Eulogy for the Green Church

The Brooklyn Paper
Share on TwitterTweet
Share on Facebook

Don’t miss our updates:

The Green Church will not be saved — you can take that to the bank and cash it. Yet despite the writing on the check, some members of the community continue to fight the inevitable.

Call it denial (or call it optimism), but many residents are having a hard time coming to terms with losing their beloved church, which according to a spokeswoman for the Massey Knakal realty giant, is as good as sold.

“The property is under hard contract,” said Keri Neering.

So Bay Ridge United Methodist, the 107-year-old structure on Fourth and Ovington avenues, will be torn down and it will become condos — but don’t blame a lack of effort from local preservationists. They have worked hard, and against long odds, to maintain the integrity of our neighborhood, prompting the consensus cliché — the Hail Mary.

The first “Hail Mary” attempt was by Councilman Vince Gentile (D–Bay Ridge), who worked out a deal that would have saved the church, added condo units to the neighborhood, and yielded a $300,000 annual windfall for the church for upkeep.

Most viewed Gentile’s pass as a perfect spiral, except for the congregants of the church, who wanted no savior (at least in terms of saving the structure).

The second Hail Mary attempt (remember you get four downs) was thrown by the Committee to Save the Bay Ridge United Methodist Church. They urged people to call the Landmarks Preservation Commission, which has the power to declare a building a landmark even without the owner’s permission. But that pass never even made it back to the line of scrimmage: Landmarks promptly declined the request to protect the 100-year-old church.

Then, historian Wade Goria raised the roof at last month’s Community Board 10 meeting in yet another attempt to save the church. Goria, whose microphone was pulled out of his hand at the previous meeting by CB10 Chairman Dean Rasanya after he bashed the Methodist hierarchy, began an impassioned sermon of his own, ranting and screaming (at times, quite eloquently) at the standing-room-only audience.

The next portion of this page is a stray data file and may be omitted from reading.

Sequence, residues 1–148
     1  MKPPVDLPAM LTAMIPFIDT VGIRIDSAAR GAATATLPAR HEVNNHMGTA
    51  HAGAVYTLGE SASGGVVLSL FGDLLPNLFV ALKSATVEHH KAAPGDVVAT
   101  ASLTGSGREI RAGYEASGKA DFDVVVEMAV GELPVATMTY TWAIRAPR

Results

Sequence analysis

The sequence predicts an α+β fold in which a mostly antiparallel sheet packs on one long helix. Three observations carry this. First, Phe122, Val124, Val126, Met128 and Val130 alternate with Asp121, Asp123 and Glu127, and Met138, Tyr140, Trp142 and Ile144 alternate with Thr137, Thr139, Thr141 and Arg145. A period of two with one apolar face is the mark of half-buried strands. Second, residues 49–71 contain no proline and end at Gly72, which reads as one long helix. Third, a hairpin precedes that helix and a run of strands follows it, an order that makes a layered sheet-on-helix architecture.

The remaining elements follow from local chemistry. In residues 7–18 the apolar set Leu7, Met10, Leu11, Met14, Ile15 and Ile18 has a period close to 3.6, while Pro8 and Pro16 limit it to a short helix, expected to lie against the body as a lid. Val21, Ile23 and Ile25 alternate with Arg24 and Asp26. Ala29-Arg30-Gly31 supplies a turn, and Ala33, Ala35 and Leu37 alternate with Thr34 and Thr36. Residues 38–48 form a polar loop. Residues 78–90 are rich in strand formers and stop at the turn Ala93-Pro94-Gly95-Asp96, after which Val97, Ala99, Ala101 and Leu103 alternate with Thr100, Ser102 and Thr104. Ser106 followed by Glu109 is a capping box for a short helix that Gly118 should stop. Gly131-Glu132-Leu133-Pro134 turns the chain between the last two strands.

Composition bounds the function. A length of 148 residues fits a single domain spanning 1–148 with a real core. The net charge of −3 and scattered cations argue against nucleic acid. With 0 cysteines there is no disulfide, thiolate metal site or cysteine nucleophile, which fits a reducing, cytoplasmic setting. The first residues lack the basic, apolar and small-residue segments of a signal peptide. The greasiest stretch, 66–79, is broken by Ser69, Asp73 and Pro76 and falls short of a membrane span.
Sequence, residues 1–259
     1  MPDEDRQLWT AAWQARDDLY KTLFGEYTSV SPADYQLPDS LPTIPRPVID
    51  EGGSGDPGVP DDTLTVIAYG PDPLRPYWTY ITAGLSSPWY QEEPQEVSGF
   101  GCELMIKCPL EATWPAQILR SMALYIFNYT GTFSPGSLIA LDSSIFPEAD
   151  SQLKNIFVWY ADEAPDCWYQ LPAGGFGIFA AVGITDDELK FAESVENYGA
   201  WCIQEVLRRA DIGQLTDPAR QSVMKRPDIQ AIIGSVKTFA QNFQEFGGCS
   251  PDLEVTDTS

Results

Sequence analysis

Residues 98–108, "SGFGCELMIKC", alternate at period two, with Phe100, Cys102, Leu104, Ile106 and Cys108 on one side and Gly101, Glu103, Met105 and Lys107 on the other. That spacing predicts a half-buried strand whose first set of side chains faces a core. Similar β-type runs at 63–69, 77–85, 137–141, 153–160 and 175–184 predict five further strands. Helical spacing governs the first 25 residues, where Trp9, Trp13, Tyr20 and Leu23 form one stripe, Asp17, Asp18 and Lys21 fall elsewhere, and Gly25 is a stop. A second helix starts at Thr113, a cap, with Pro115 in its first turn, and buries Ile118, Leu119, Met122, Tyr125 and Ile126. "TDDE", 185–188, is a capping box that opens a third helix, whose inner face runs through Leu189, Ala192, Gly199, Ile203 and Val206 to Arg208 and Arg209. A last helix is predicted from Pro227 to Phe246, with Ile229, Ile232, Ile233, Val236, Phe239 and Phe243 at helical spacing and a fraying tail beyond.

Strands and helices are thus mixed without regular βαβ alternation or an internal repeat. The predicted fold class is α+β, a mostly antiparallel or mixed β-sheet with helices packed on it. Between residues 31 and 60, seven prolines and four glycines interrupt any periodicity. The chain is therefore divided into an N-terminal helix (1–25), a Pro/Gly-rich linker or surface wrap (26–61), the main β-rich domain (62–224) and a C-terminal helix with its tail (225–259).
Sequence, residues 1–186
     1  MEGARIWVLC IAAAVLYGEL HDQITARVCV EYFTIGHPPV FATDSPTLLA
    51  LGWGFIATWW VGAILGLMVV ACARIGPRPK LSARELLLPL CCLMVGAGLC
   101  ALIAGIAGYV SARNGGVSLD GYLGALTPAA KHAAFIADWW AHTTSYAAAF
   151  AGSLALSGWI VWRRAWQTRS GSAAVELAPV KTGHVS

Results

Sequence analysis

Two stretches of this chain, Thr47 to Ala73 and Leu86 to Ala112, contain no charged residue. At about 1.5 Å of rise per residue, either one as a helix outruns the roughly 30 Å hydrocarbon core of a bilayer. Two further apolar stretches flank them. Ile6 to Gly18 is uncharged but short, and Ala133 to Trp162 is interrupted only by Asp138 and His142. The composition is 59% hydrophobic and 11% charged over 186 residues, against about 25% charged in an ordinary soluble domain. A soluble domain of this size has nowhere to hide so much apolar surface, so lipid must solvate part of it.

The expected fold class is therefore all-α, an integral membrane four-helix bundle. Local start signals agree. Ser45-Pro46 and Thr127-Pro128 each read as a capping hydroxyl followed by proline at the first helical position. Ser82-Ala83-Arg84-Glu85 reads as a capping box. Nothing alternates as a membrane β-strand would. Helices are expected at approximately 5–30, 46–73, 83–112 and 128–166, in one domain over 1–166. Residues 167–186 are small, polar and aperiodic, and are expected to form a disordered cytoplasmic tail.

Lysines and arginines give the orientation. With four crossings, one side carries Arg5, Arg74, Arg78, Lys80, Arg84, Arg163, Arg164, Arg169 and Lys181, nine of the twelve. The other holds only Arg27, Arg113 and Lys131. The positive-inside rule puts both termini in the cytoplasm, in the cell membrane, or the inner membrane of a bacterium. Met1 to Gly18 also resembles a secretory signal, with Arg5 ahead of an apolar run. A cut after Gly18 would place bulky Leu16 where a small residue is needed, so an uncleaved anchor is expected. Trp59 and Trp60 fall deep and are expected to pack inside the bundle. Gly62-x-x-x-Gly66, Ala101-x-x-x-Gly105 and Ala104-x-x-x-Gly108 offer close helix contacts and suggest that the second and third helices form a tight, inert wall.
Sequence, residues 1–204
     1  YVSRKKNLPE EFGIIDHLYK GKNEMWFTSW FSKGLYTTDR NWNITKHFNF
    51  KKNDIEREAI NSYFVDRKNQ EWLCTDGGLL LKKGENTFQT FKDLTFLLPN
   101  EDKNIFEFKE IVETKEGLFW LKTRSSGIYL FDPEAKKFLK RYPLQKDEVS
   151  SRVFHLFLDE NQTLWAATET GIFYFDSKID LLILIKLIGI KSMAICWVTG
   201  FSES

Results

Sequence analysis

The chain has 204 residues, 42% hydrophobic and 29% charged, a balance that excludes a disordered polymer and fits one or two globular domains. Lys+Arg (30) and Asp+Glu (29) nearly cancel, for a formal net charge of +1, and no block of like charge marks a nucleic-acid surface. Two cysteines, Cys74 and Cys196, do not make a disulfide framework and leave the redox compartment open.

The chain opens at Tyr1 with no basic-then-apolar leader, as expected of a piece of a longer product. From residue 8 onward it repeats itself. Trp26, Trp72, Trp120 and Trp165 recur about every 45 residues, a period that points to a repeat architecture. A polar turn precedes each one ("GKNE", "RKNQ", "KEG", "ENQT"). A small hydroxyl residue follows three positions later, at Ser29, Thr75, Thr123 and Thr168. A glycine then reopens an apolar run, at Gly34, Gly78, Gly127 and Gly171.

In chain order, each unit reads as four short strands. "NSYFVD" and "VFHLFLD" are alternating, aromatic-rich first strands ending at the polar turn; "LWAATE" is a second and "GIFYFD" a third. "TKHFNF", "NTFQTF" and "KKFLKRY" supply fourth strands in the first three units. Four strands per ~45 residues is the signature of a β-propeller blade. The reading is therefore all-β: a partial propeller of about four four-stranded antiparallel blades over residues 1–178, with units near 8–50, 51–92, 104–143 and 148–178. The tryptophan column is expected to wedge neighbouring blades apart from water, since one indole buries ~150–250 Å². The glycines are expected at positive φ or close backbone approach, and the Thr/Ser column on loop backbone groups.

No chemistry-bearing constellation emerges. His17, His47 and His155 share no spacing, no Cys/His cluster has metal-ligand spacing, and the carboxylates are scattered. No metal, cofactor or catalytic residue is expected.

“We can not let them take this from us,” Goria shouted. “This is our community, this is our church, and this is our fight, now is the time to make our voices heard.”

Yellow Hooker is thinking a new cliché might be more appropriate. This one involves an obese woman and the final few notes of a song. Well, they gave it a shot (or two, or three).

The Kitchen Sink

Everything Zen? Not at least as far as the garbage and debris at Shore Road Park is concerned. The trash is located between two of the park’s most-cherished attractions: the Zen Garden and the Butterfly Park. Before we can cleanse the doors of perception, perhaps officials should first cleanse the large cement stones and the old fencing. …

War, what is it good for? How about the best shawarma with garlic sauce? Bay Ridge Neighbors for Peace is now meeting on Mondays at Mazza Plaza, which is at 8002 Fifth Ave., at 8 pm. …

A source tells The Stoop that state Sen. Marty Golden (R–Bay Ridge) is closer to running for Mayor. “Let me put it this way, at this point we feel quite encouraged,” said the source.

Updated 4:29 pm, July 9, 2018
Today’s news:
Share on TwitterTweet
Share on Facebook

Don’t miss our updates:

Reasonable discourse

ridgeies from bay ridge says:
How could they landmark the PROJECTS where rap was first played but not a serpintine stoned 200 year old church that adds charatcer so commonly beign stolen away from this neighborhood?
May 10, 2008, 9:44 pm

Comments closed.

First name
Last name
Your neighborhood
Email address
Daytime phone

Your letter must be signed and include all of the information requested above. (Only your name and neighborhood are published with the letter.) Letters should be as brief as possible; while they may discuss any topic of interest to our readers, priority will be given to letters that relate to stories covered by The Brooklyn Paper.

Letters will be edited at the sole discretion of the editor, may be published in whole or part in any media, and upon publication become the property of The Brooklyn Paper. The earlier in the week you send your letter, the better.

Keep it local!

Stay in touch with your community. Subscribe to our free newsletter: